Closer to a Cure: Rajaram Anantharaman

Rajaram Anantharaman is a Ph.D. student who was recruited through the Provost’s Strategic Funding Initiative to conduct research in the area of Big Data and Analytics. The selection process is very rigorous, and only the best applicants are considered. Raj started working with convolution neural networks and their application to oral diseases this spring. He envisions a future where detecting oral cancer may, “be as routine as drawing blood to detect other diseases.”

What do you hope to accomplish with your research?
The incidence of oral cancer worldwide is around 500,000 new cases every year, accounting for approximately 3% of all malignancies, thus creating a significant worldwide health problem (Johnson, 2011). Oral cancer has a tendency to be detected at a late stage which is detrimental to the patients because of its high mortality and morbidity rates. Early detection of oral cancer is therefore important to reduce the burden of this devastating disease (Messadi, 2013). My research deals with using computer vision and big data to detect oral precancerous conditions in its earliest stages. The hope is that my research will culminate in a solution that health workers can use to detect oral disease, get verified answers from the accompanying oral health knowledge base, and get patients referred to a dentist or oral surgeon for further diagnosis.
What got you interested in this topic?
I took a preliminary class in computer vision from Dr. Lee and it piqued my interest. We studied how we can train a convolution neural network to identify and classify images. Having worked at Cerner and other places in healthcare IT for over a decade, my natural inclination was to find relevant applications of this emerging technology to combat a health problem. Cancer is a terrible disease and there are millions of doctors, researchers, and other health workers already trying diligently to find a cure. My grandmother died of this terrible disease. While a great deal of biomedical research is happening in oral cancer, there is an opportunity to use computer vision, big data, and other computer technologies to help advance the cause.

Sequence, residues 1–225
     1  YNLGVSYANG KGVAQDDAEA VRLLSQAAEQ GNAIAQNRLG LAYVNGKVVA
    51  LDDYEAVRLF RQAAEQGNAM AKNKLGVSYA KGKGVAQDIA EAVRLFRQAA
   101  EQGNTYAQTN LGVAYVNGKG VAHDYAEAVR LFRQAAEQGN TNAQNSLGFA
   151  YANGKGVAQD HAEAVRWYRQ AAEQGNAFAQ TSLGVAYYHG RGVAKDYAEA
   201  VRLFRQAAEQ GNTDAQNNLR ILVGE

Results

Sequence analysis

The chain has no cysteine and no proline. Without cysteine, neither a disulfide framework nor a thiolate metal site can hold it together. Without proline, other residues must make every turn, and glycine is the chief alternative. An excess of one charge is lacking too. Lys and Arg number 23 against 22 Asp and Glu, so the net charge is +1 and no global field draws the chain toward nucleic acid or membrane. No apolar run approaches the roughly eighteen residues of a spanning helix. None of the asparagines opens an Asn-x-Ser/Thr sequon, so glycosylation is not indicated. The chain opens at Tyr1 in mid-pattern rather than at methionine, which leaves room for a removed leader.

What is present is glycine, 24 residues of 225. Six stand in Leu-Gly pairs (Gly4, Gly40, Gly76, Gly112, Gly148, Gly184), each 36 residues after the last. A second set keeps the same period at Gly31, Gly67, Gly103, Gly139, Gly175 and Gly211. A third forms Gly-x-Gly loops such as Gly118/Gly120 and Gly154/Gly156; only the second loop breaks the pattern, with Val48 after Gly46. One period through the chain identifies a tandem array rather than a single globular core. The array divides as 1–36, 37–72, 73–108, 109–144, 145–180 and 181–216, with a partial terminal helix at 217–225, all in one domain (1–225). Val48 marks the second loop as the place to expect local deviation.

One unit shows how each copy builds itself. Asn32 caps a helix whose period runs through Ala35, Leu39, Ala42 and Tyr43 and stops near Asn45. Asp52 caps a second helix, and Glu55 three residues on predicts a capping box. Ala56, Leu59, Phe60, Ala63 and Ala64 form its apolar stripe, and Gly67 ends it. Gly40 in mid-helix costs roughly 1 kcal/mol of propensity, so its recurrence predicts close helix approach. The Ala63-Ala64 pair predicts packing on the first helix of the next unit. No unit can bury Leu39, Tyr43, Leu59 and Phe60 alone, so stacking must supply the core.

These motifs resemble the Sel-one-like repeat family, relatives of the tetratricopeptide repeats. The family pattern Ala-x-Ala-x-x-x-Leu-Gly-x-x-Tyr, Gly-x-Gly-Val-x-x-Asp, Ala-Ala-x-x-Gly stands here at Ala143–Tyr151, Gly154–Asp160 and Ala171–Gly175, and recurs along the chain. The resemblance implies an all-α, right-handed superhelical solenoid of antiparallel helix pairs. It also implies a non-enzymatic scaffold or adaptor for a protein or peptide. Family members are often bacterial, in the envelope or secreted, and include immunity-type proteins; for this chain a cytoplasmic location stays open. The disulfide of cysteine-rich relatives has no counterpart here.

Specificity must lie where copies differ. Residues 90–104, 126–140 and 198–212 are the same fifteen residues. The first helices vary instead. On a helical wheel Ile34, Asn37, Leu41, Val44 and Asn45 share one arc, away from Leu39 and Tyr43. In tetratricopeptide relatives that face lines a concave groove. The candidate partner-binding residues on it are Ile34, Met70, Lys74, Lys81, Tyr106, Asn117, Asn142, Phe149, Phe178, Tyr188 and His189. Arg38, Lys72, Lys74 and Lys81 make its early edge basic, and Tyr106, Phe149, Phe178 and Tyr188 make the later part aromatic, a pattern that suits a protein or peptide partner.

Why did you choose UMKC?
My research requires help from different disciplines including computer science, medical informatics, and oral sciences. UMKC has all of the necessary resources for researchers like me who are trying to bring together different disciplines. UMKC’s programs are intrinsically designed to make this kind of collaboration happen.


What faculty are you working with?
I am primarily working with Dr. Yugyung Lee in the department of Computer Science. Apart from Dr. Lee, I am being advised by several other faculty members including Dr. Melanie Simmer-Beck from the department of Dental Public Health, Dr. Arif Ahmed from the department of Public Affairs and Dr. Mary Gerkovich from the department of Biomedical Informatics.


What do you hope to discover? 
I hope to discover if it is really possible for an A.I. trained computer vision program to detect and classify oral diseases with any degree of confidence. We share a vision with IBM research (IBM Blog Research, 2016) who is doing similar research work in the area of melanoma. Our vision is that taking pictures to diagnose oral cancer and/or other soft tissue oral diseases might one day be as routine as drawing blood to detect other diseases.


1)       Johnson NW, Warnakulasuriya S, Gupta PC, et al. Global oral health inequalities in incidence and outcomes for oral cancer: causes and solutions. Adv Dent Res. 2011;23 2:237–246.
2)      Messadi, D. V. (2013). Diagnostic aids for detection of oral precancerous conditions. International Journal of Oral Science5(2), 59–65.
3)       “Identifying skin cancer with computer vision.” IBM Blog Research, IBM Corporation, 14 Nov. 2016, Accessed 25 Sept. 2017.

UMKC Big Beam Team Wins Big at Nationals!

Over the summer, The UMKC Big Beam Team secured 10th place nationally with 52 points at the 2017 PCI Big Beam Competition. It was a very close competition. Only 9 points separated UMKC and the first place team.